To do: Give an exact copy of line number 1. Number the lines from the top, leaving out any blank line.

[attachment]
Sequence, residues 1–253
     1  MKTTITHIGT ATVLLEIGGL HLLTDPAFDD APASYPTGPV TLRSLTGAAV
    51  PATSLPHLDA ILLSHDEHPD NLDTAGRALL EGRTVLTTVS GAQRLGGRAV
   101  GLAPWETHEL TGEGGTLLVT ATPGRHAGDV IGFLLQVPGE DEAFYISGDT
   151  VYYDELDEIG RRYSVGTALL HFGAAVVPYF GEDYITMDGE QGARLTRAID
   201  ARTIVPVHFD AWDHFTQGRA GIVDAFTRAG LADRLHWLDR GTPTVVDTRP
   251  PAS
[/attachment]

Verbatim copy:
Sequence, residues 1–253